"When you have been victimized by this, it’s a very personal and embarrassing thing,” Cronkright says. “You feel violated, you feel exposed . … It transcends monetary loss.”
Benjamin says that when he and his wife discovered the fraud, they felt “immediate disbelief and shock” and were “angry and extremely depressed for a long time.”
A fight for justice
The couple had taken out a second mortgage on their home to have enough to pay for the new property in cash — the seller’s requirement — and subsequently spent much of the last six years paying down the debt. “We were both going to retire within a couple of years, but all plans were destroyed,” Benjamin says. He is still working full-time as a school principal, and Joyce stayed on the job until last September.
Meanwhile, Benjamin has spent countless hours researching these scams and the intricacies of his own case. The couple is suing their real estate attorney and agent for not warning them about the threat of wire fraud. The agent “neglected to include her agency’s Wire Transfer Warning Form that needed to be signed and returned along with the contract,” he says, and also compromised the security of their interactions by using both her personal and business email accounts to communicate with the couple. And, the couple asserts, the attorney did not notice the lack of warning.
Benjamin says that the only thing they were told “was that it was to be a cash-only deal and to expect an email with wire-transfer information a couple of days before the actual contracted closing date.”
The real estate attorney and the agent have claimed that they had no legal responsibility to warn buyers of the scam, and they unsuccessfully attempted to have the case dismissed. The couple has a court date next month.
Benjamin is emphatic that there is an easy way to prevent this crime: “Instead of including the wire-transfer scam warning form buried in a contract, the broker and the attorney should each have a simple form that states: ‘Do not wire-transfer/send any money to anyone at any time, even if you think you know the person requesting the money, without first contacting me personally” at a particular phone number.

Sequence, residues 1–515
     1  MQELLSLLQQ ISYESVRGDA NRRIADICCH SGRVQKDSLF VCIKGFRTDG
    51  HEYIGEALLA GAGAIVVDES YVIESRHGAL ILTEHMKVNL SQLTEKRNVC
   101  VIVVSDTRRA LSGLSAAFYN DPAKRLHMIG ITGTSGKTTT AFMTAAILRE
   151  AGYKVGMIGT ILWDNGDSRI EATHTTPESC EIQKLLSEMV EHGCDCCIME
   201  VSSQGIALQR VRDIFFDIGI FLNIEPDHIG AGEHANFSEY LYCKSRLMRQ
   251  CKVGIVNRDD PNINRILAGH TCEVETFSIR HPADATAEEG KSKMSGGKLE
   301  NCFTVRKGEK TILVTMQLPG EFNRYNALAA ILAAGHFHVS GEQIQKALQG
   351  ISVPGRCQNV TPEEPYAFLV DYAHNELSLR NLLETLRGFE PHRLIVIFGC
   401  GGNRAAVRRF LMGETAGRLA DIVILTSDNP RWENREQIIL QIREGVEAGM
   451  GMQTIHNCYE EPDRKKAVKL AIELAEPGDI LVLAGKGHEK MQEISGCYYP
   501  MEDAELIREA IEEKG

He suggests having the client and the broker or attorney sign the form, then “make copies for everyone and place the form directly into the hands of the client.”
Preventing wire fraud
The good news is that many professionals in the real estate industry now make it part of their practice to be clear about the threat.
Tricia Messerschmitt, a longtime Washington, D.C., real estate agent, says her company, Compass, protects its agents’ email with two-factor authentication and other security measures. And agents in her region are required to warn home buyers about the threat of wire fraud in two ways, she says. “We tell them verbally,” she says, “and we follow up with them in writing to tell them how this is happening, and what to do to safeguard yourself.”
A key point Messerschmitt says she always shares with clients: “Neither Compass nor any of the partners that we have, the settlement companies, will ever email you wiring instructions unsolicited.”
The National Association of Realtors advises its members to take similar precautions, suggesting that real estate agents include a note under their email signatures that warns customers about the threat of wire fraud, starting with, “IMPORTANT NOTICE: Never trust wiring instructions sent via email...”
How to protect yourself from real estate wire fraud
Discuss financial safety with your agent. When you first connect with a real estate agent, ask how money is going to safely move between parties, Cronkright says. He suggests asking, “What title company are you using? How do I safely get money to them, and how will I know that it’s safe?’ The agent should be able to descriptively and succinctly educate the consumer on how funds will be protected through the process. And if you’re working with an agent that cannot do that, you might want to consider finding a different agent.”
Confirm all wiring structures in person or by phone. “Never ever email any financial information because it’s not secure,” Tomb says. And call to confirm that information using your contact’s actual number — don’t use a new number listed in the email. It could lead you to the criminal, who, of course, will confirm those fraudulent wiring instructions.
Know that your instructions for sending money should not change. “It’s extremely rare for wiring instructions to change at the last minute, or that the instructions will be provided by email,” the National Association of Realtors notes in its online tips for avoiding mortgage closing scams.
Protect your accounts with two-factor authentication. It adds another layer of security: To access your accounts, you are required not only to type in your password but also to enter an authentication code that you receive by text, phone or email.
What to do if you lose money to wire fraud:
- The faster you can respond, the better. Immediately contact your bank and ask for a recall notice for your wire, the Realtors association suggests. But wires are typically irreversible.
- File a report with the FBI at IC3.gov, as well as your nearest FBI office.
- Call the AARP Fraud Watch Network Helpline , 877-908-3360. This free resource has trained fraud specialists who provide support and guidance on what to do next and how to avoid scams in the future. The AARP Fraud Watch Network also offers online group support sessions.
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